Romania’s electricity mix is one of the most balanced in the European Union, with coal, hydropower, natural gas, nuclear energy and wind power having comparable shares of capacity and power generation. Because of the country’s geographic characteristics there is a huge energy potential in biomass. Today only 0.34% of electricity produced in Romania is obtained from biomass, while thermal energy produced from biomass is up to 46%. The use of biomass for electricity production is a much more sustainable way to benefit from it, because electrical power can be used in a wide range of applications.


Romania is in south-eastern Europe, estimated population is 19 165 000. Romania occupies an area of 238 397 km2. The nation’s capital is Bucharest, the official language is Romanian.


Romania has a diverse energy mix, with a sizeable percentage of renewable energy.

Romania is the largest producer of oil and gas in Central and Eastern Europe and has the potential to dominate the European oil and gas market as a result of discoveries in the Black Sea, and after BREXIT (as UK was one of the largest marketplace for gas and electricity).

Romania currently has one nuclear power plant, Cernavodă, with two operational reactors with 1300 MWe capacity and two more are in the planning phase (pressurized heavy water reactors of CANDU 6 design – CANadian Deuterium Uranium), each with a design gross output of 706.5 MWe. The two reactors in operation supply approx. 20% of total energy production.

Romania produces pit coal and lignite and maintains several coal-fired powerplants – all needing upgrades in the immediate future in order to comply with European Commission guidelines.

In terms of energy consumption, in 2019, a little over 24% of energy consumption originated from renewable energy sources, placing Romania in 10th place in the EU and above the union’s average level. In 2020, electricity production in Romania was comprised of 12.4% wind power, 3.4% from photovoltaic solar panels, while 27.6% of the electricity production was coming from hydropower. In total, renewable energy production (wind, photovoltaic and biomass) amounted to 16%.


The country forms a complex geographic unit centred on the Transylvanian Basin, around which the peaks of the Carpathian Mountains and their associated subranges and structural platforms form a series of crescents. Beyond this zone, the extensive plains of the south and east of the country, their potential increased by the Danube River and its tributaries, form a fertile outer crescent extending to the frontiers. The relief of Romania is dominated by the Carpathian Mountains, which can be divided into the Eastern Carpathians, the Southern Carpathians, and the Western Carpathians. Tablelands are another important element in the physical geography of Romania. The tableland of the Transylvanian Basin is the largest in the country and has an average elevation of 350 metres.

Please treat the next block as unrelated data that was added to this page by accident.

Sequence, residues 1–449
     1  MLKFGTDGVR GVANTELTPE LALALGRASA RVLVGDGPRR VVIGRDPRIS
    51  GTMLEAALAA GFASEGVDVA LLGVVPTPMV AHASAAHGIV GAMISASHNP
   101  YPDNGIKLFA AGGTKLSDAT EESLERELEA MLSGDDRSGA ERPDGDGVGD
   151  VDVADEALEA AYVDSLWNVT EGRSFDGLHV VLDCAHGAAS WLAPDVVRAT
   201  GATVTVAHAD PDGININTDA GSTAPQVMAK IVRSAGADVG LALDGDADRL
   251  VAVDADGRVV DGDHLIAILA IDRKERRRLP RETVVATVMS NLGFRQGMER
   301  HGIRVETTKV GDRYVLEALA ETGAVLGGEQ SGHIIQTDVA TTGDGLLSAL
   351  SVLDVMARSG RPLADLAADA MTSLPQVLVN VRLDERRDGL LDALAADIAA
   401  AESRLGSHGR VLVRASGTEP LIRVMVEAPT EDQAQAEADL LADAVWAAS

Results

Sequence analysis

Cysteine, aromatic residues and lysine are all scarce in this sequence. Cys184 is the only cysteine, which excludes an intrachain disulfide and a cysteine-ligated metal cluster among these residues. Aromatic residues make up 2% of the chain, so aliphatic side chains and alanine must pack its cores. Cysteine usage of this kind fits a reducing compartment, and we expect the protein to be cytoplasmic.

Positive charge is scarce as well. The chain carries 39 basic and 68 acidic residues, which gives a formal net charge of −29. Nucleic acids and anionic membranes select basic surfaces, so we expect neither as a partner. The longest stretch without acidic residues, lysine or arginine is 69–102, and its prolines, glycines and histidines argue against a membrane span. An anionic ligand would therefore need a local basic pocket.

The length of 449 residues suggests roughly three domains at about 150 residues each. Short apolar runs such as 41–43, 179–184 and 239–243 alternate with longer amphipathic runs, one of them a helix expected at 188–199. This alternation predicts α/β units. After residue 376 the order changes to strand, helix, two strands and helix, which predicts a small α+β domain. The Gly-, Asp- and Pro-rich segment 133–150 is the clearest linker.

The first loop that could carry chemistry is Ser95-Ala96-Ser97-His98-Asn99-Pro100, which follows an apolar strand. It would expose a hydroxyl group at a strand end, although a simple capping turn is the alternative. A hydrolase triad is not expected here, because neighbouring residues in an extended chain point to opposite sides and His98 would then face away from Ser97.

Romania’s location in the south-eastern portion of the European continent gives it a climate that is transitional between temperate regions and the harsher extremes of the continental interior. In the centre and west of the country, humid Atlantic climatic characteristics prevail; in the southeast the continental influences of the Russian Plain (East European Plain) make themselves felt; and in the extreme southeast there are even milder sub-Mediterranean influences. This overall pattern is substantially modified by the relief, however, and there are many examples of climatic zones induced by changes in elevation.


In the absence of lasting reform efforts, growing fiscal and current account deficits are putting the sustainability of Romania’s economic growth at risk. The public deficit has risen significantly, driven by current expenditure. The banking sector has remained solid, but financial intermediation is low. Poverty and inequality remain high, with limited access to services.

Unemployment rate: 3.06% (2019 est.) 3.56% (2018 est.)


Romania is located at a crossroads of European transport. Railways provide the main method of transportation for both freight and passengers in the country. Most of Romania’s system of national roads has been brought up to modern standards. The Danube River is a major transportation route between the Black Sea, the Middle East, and western Europe. International traffic has grown in significance, and there are international airports in Constanța, Cluj-NapocaAradTimișoara, and Sibiu.